• Listen to your body. Remember that feeling dizzy or ill is your body’s way of telling you that you are working too hard. If this happens, take a break or stop your workout for the day. It’s also OK to skip workouts if you aren’t feeling well. Give yourself permission to take care of yourself and get back into it when you’ve recovered.
  • Find the right pace. Exercise should be fairly comfortable for you. Your pace should be just below where you start to breathe quickly. Exercising at this pace produces two desirable results: It mobilizes fat burning and helps you develop endurance.
  • Choose a fun workout. Find an activity you enjoy and incorporate it into your routine. You’re more likely to stick with the workouts if you enjoy doing them. The same can be said for sticking with the workouts you are good at. If you’re confident in your actions, you’re more likely to keep with them.
  • Schedule workouts. Put your workouts on your calendar just as you would any other appointment. If something comes up and you have to change an appointment, reschedule your workout right away.
  • Move when your energy is the highest. You may see the best results when working out during your peak hours. Some people also have success working out in the morning, getting it out of the way before other things may come up during the day.
  • Stay hydrated. Maintaining hydration is critical, so drink plenty of fluids throughout the day.
  • Build exercise into your work routine. If feasible, walk or bike to work. If the distance is not realistic, consider ways to get extra steps in during the day, such as parking your vehicle a distance from the office, taking the stairs inside the workplace or going for a lunchtime walk in the neighborhood.
  • Take advantage of the weekend. You may feel you have more free time on the weekend or your days off from work. Being a weekend warrior is OK; you can fit in 150 minutes of exercise on Saturdays and Sundays. This will still help you prioritize movement, avoid a sedentary lifestyle and stick to a fitness routine. The next step is considering ways to keep moving during the rest of the week.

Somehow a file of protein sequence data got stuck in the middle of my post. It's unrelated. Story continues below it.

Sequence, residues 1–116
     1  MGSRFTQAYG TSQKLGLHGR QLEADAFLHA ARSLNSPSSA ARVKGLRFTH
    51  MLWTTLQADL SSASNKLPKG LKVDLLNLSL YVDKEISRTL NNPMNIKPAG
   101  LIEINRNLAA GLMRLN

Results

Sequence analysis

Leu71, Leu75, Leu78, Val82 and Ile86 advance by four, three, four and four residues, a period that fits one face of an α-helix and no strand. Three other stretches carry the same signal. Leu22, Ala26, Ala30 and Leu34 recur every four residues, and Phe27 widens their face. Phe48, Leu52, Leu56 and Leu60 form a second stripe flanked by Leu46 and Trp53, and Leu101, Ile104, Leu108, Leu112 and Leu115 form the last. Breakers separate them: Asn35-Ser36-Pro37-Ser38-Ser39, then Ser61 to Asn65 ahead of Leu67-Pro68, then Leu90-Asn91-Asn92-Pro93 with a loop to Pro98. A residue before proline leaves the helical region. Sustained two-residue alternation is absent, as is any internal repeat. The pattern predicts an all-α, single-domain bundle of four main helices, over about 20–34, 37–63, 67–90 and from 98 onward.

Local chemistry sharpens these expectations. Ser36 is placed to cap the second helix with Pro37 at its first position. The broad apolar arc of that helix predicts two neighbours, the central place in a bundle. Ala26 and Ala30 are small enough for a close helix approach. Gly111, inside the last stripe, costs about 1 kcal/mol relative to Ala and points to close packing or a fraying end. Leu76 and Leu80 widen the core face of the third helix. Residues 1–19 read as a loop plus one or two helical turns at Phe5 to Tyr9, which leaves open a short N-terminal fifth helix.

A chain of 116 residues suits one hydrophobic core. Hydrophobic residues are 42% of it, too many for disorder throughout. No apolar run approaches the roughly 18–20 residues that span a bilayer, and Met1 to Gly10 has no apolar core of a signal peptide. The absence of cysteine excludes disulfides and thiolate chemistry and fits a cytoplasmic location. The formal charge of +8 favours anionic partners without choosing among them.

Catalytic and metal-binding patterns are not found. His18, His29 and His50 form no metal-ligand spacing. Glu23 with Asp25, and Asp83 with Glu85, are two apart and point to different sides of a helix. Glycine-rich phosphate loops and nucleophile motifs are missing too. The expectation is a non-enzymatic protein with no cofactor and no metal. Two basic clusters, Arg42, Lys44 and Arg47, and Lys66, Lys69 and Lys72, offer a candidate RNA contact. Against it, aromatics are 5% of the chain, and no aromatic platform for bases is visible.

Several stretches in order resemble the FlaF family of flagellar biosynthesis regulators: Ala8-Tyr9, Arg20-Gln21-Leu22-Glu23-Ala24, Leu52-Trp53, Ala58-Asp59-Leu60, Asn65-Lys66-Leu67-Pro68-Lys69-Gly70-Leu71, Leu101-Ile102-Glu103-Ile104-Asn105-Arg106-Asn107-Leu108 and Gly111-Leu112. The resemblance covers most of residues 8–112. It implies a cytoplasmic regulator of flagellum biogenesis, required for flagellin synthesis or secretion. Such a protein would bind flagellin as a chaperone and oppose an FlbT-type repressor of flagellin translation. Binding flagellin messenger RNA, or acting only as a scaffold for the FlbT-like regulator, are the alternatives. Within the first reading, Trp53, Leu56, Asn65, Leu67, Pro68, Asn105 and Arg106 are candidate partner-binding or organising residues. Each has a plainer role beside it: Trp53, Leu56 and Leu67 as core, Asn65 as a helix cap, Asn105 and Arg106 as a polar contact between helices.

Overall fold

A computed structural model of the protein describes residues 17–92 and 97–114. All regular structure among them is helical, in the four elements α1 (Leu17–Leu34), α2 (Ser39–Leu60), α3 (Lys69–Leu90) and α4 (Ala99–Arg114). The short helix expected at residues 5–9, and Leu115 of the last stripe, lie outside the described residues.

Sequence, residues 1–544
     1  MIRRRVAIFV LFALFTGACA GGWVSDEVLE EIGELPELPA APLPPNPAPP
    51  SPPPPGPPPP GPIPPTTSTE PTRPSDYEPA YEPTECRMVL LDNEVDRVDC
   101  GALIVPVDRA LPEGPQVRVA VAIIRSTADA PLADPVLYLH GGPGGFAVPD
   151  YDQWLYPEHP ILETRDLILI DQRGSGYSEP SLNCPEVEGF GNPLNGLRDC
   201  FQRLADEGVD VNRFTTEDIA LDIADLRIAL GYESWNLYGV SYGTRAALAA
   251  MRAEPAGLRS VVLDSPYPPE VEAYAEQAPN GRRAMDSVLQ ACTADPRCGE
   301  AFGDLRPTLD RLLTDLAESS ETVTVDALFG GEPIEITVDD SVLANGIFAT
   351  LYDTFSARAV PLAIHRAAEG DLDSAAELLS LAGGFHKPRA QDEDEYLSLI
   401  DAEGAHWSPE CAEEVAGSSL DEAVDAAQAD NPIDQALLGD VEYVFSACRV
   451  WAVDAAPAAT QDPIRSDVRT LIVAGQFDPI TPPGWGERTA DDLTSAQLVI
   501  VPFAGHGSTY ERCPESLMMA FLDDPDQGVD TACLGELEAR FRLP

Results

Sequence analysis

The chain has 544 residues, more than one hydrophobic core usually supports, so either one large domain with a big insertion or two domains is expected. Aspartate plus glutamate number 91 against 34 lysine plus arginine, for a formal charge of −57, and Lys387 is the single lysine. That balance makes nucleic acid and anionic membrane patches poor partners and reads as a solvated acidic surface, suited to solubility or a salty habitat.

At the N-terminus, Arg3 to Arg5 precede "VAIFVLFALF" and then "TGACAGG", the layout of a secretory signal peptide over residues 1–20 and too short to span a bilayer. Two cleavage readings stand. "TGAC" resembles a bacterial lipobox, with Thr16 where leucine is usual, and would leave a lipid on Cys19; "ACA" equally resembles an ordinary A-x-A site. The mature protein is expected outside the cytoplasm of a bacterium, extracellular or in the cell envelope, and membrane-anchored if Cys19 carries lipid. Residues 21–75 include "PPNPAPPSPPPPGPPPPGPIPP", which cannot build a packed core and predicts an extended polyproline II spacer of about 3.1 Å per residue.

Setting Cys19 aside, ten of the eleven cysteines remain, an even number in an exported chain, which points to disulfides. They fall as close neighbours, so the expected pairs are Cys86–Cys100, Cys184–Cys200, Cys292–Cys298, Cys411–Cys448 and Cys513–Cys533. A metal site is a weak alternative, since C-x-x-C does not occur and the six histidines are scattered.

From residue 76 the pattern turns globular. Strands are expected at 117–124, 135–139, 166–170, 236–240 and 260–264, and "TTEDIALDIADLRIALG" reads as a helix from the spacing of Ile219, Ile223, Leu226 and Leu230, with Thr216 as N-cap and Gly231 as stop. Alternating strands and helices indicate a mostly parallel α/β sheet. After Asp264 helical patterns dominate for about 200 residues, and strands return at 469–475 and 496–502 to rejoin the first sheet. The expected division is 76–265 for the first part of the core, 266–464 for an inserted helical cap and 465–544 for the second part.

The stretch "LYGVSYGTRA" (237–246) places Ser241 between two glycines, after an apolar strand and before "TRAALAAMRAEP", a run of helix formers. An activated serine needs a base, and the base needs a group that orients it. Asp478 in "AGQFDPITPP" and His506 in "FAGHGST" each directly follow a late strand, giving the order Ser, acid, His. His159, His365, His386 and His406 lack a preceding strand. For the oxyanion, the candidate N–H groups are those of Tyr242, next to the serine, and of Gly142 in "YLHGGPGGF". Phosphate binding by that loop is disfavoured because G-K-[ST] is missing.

• Exercise with a friend. Companionship can make it more fun, so work out with a friend or loved one to make it more enjoyable or help you stick to the routine.
  • Break it up. You don’t have to do everything all at once, and multiple short exercise sessions may fit your schedule better. If needed, focus on staying active throughout the day.

When ready, put your plan on paper, including attainable steps and goals. You can always build upon it as your fitness endurance improves.

If you don’t have a specific goal, such as running a 5K, holding a plank for 15 seconds or increasing muscle mass, then commit to moderate physical activity and discover how to build it into your daily routine. Before you start working out, visit your doctor for a checkup and to discuss your desire to incorporate more exercise into your daily routine. This visit can also help you develop a plan with realistic goals.

This article is for informational purposes only and is not intended as medical advice. For further information, please consult a medical professional. © 2022 Zywave, Inc. All rights reserved.